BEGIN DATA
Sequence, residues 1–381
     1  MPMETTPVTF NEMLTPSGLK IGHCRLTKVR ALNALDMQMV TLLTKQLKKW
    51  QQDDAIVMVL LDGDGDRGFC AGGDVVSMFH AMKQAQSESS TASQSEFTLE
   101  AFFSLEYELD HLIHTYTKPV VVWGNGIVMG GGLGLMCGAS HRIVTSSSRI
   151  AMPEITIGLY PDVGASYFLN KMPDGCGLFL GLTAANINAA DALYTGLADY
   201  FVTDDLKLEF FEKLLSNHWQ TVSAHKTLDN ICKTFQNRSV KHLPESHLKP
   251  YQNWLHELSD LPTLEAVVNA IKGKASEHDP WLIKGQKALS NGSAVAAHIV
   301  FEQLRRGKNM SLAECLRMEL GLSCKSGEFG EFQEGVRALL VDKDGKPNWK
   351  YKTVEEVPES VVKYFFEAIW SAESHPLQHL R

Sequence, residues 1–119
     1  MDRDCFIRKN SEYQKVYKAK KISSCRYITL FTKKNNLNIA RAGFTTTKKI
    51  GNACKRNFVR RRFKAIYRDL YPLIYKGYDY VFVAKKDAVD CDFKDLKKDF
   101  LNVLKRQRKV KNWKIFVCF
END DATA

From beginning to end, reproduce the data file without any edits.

Sequence, residues 1–381
     1  MPMETTPVTF NEMLTPSGLK IGHCRLTKVR ALNALDMQMV TLLTKQLKKW
    51  QQDDAIVMVL LDGDGDRGFC AGGDVVSMFH AMKQAQSESS TASQSEFTLE
   101  AFFSLEYELD HLIHTYTKPV VVWGNGIVMG GGLGLMCGAS HRIVTSSSRI
   151  AMPEITIGLY PDVGASYFLN KMPDGCGLFL GLTAANINAA DALYTGLADY
   201  FVTDDLKLEF FEKLLSNHWQ TVSAHKTLDN ICKTFQNRSV KHLPESHLKP
   251  YQNWLHELSD LPTLEAVVNA IKGKASEHDP WLIKGQKALS NGSAVAAHIV
   301  FEQLRRGKNM SLAECLRMEL GLSCKSGEFG EFQEGVRALL VDKDGKPNWK
   351  YKTVEEVPES VVKYFFEAIW SAESHPLQHL R

Sequence, residues 1–119
     1  MDRDCFIRKN SEYQKVYKAK KISSCRYITL FTKKNNLNIA RAGFTTTKKI
    51  GNACKRNFVR RRFKAIYRDL YPLIYKGYDY VFVAKKDAVD CDFKDLKKDF
   101  LNVLKRQRKV KNWKIFVCF